Officially labeled as a carcinogen by the World Health Organization and the state of California, glyphosate is a broad-spectrum herbicide was first sold in 1974 and has since become the most intensively used herbicide, globally. Soaking grains in the herbicide right before harvest began back in the eighties and became standard in the nineties.
Available in a variety of chemical forms, including ammonium salt and potassium salt, glyphosate is mixed with other inert ingredients to create glyphosate-based herbicides, which include the popular Roundup products used in both agricultural fields and home gardens. Its widespread use has created tolerant and resistant weeds.
Many independent tests on a US food products have found residue levels of glyphosate. The nonprofit groups behind these tests, Food Democracy New and The Detox Project, are demanding regulatory and corporate action to address consumer safety concerns. Their report found that glyphosate was in crackers, cookies, cereals and chips in popular brands including Cheerios, Doritos, Cheetos, Special K, Kashi, Triscuit and Ritz Crackers.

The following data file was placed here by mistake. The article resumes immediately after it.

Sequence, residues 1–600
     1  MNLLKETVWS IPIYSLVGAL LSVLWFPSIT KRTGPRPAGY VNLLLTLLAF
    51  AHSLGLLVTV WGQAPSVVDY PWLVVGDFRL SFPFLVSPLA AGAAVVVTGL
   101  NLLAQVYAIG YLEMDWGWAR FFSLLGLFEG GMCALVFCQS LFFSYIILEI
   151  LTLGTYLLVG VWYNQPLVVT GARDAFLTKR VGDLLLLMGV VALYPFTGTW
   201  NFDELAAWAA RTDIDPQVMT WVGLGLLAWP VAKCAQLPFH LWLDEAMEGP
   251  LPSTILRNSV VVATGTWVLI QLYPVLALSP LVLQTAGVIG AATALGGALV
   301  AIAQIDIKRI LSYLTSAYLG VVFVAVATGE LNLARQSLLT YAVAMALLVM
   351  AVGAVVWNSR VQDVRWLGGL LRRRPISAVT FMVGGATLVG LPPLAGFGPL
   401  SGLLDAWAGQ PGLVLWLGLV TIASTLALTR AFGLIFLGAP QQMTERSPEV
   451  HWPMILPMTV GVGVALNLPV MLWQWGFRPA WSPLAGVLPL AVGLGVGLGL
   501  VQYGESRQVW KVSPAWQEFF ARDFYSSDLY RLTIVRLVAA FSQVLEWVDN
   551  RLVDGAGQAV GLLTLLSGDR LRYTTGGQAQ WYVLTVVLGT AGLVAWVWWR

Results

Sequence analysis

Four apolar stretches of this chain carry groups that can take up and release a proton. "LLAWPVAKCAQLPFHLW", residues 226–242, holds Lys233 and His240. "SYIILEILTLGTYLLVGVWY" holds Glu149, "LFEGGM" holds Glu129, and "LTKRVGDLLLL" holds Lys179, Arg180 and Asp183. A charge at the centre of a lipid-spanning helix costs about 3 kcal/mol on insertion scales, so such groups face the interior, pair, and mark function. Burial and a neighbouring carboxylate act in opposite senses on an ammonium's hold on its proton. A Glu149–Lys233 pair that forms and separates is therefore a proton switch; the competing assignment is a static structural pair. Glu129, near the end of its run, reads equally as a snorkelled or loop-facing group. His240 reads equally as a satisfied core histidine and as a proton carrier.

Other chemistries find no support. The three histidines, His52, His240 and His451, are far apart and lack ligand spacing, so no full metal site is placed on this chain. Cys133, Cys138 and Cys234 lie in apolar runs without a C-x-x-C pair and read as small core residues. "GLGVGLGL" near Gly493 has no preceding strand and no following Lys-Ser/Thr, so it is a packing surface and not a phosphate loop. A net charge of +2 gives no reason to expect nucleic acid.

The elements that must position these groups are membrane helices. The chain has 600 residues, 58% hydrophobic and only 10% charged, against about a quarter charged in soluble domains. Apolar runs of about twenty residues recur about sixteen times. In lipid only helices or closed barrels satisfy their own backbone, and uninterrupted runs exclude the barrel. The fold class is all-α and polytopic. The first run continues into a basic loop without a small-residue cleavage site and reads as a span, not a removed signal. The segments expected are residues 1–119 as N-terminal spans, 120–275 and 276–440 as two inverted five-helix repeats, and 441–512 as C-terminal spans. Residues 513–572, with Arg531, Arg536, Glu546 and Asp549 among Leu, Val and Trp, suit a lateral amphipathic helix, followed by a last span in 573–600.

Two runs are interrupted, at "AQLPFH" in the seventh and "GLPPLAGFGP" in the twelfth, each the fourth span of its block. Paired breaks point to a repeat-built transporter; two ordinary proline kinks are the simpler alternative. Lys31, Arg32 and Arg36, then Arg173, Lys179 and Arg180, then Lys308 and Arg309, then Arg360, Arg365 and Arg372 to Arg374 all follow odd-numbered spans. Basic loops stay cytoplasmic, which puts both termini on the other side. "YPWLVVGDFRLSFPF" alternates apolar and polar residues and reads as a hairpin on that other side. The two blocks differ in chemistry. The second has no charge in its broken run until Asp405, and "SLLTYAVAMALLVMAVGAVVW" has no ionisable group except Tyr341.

Shockingly, the FDA only started testing for glyphosate in 2018. Such a high level of glyphosate found in these snack foods should alarm the public and be a wake-up call to those who want to avoid toxic food.
The lack of effective government monitoring of glyphosate had made it difficult to determine the levels of glyphosate are in our foods, and this has raised questions about how safe the chemical is.
A review of 44 scientific studies found that glyphosate exposure doubles farmers' risk of developing non-Hodgkin's lymphoma. Further, the incidence of non-Hodgkin’s lymphoma has increased rapidly in most countries in the West over the last few decades. Statistics from the American Cancer Society show an 80% increase since the early 1970’s, when glyphosate was first introduced on the market.
This stuff isn’t good for people or for animals. Iowa State University researchers have found that heavy glyphosate use has led to an 81% decrease in the monarch butterfly population. Why? Glyphosate kills milkweed, the plant monarchs need to survive as a species. Organic agriculture chemical does not use chemical pesticides, so shifting to organic helps save the milkweed and monarch butterflies.
How can we get Roundup out of the soil, food and our bodies? We need to go glyphosate-free. And that means going organic, especially when it comes to grains and animals who eat those grains. Buy and/or grow your own organic fruits, vegetables and other food sources.